Have you ever had one of those moments where you really need to talk to someone about something, but you don’t want to ruin it for them? Like, you already watched the next episode of a TV show, and something awesome happens that you want to discuss at length, but the person you want to talk to about it hasn’t seen that episode, so you just have to bite your lip, sit on your hands, and wait?


Damn you, George R. R. Martin.

I’m in the middle of that, and it’s going to last for several months, I fear.

I’ve been reading the Game of Thrones series for the past few weeks, along with watching the show on HBO with my man-friend. I’m finally at the third book, which is the part of the story that the show is currently at, so I was racing against the show for a while to read what would happen next before the next episode. I succeeded, but now I wish I hadn’t.

I just read something so big in the book, that I just have to talk to my man-friend about it. Unfortunately, he has just started the series, so he hasn’t read that part yet. Even more unfortunately, the show is done for the season, and they did not do THE BIG THING. This means that I will have to wait for him to read all the way through to this book to talk about it, and until then, I have to keep my trap shut every time he says something kind of related to THE BIG THING.

It’s going to be a long summer.

Books You Should Read When You Graduate

High school, college, grad school, whatever – we generally find ourselves with a lot of extra time once school is not an in-your-face priority anymore. Here are some books to help you unwind a bit and remember why you loved reading in the first place.

In the Wilderness1. In the Wilderness – Kim Barnes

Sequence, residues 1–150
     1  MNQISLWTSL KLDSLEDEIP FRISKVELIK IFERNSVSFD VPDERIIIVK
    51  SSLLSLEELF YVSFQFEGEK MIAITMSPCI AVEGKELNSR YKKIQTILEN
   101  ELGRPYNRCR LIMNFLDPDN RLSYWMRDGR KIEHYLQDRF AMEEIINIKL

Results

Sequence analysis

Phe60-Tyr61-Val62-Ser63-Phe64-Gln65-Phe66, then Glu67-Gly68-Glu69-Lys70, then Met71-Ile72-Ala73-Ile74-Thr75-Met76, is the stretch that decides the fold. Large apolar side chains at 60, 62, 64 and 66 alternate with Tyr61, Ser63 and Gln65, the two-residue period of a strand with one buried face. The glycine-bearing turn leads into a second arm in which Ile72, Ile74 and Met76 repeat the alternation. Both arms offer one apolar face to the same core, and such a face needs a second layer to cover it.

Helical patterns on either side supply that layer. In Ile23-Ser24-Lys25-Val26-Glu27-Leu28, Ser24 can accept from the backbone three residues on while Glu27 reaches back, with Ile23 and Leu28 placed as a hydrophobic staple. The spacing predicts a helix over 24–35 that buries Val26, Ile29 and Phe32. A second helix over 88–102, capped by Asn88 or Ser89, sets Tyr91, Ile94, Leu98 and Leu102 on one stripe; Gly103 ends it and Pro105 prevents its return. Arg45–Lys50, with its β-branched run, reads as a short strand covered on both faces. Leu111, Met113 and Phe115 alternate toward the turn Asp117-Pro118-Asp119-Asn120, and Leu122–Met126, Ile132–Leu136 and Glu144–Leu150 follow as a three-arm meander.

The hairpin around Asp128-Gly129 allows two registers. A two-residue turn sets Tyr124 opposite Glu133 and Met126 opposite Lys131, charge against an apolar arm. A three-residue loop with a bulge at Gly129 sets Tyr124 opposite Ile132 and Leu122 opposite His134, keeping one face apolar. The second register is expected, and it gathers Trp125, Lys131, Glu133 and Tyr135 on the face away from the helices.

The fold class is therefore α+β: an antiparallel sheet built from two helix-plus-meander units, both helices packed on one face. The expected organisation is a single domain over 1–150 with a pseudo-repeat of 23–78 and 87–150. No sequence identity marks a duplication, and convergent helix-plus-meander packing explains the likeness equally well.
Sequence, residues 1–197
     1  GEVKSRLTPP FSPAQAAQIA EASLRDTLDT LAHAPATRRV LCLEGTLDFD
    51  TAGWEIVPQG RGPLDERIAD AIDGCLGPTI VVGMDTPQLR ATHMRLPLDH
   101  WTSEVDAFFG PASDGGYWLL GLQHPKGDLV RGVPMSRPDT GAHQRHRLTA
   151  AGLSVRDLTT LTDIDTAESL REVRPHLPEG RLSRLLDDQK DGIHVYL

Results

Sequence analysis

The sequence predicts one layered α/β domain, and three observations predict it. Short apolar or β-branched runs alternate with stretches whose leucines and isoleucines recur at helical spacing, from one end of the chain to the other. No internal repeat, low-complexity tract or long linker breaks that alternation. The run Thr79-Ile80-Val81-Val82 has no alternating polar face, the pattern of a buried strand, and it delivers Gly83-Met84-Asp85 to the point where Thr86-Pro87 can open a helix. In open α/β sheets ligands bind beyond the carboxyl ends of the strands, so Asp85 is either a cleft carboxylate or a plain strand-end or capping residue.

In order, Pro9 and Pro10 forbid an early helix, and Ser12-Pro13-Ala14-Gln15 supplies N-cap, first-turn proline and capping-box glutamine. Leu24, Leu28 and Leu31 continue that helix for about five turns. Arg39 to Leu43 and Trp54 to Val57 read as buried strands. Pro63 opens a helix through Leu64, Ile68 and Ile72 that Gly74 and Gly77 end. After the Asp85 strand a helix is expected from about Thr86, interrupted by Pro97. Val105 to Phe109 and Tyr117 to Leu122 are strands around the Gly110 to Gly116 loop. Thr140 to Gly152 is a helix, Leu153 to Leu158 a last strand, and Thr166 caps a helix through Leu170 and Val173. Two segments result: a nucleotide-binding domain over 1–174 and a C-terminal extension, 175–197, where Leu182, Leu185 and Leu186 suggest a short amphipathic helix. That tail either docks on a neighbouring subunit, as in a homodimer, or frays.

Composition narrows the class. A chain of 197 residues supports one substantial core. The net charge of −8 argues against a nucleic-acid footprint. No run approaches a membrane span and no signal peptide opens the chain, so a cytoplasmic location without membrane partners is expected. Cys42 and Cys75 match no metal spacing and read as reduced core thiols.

A memoir of a girl growing up in a variety of places (many that include the actual wilderness, such as a logger’s camp), Barnes’ writing is just beautiful – it will make you remember why you loved to read in the first place. And the things that she remembers and the grown-up conversations that she deciphered as a child – amazing.

boy still missing

2. Boy Still Missing – John Searles

I discovered this book in high school, and still like to go back and reread it. The story follows a teenager in the 70’s who befriends his father’s pregnant mistress. Subdued hijinks ensue, along with coming of age things and a hostage situation.

Running-with-scissors3. Running with Scissors – Augusten Burroughs

The first of Augusten Burroughs’ memoirs, Running with Scissors follows his life as a ward of his mother’s psychiatrist and his strange family. The best part of this book is the humorous twist that Burroughs puts on events that would make any other person want to curl up in the bath tub and cry.

4. Mariette in Ecstasy – Ron HansenMariette-in-Ecstasy

An interesting story for religious and non-religious folks alike, this short book follows a young woman who joins a nunnery and develops the stigmata, while the other nuns gossip and deny that she is telling the truth.

Cat's_Eye_book_cover5. Cat’s Eye – Margaret Atwood

A great introduction to Margaret Atwood, Cat’s Eye follows a young woman as she flies through childhood and grows into adulthood. The beautiful language that Atwood uses makes this book just lovely to read. And no, the title is not about a cat, it’s about a marble (and oh, how literary analysts and professors love to interpret that).

6. Let’s Pretend This Never Happened – Jenny Lawsonlets pretend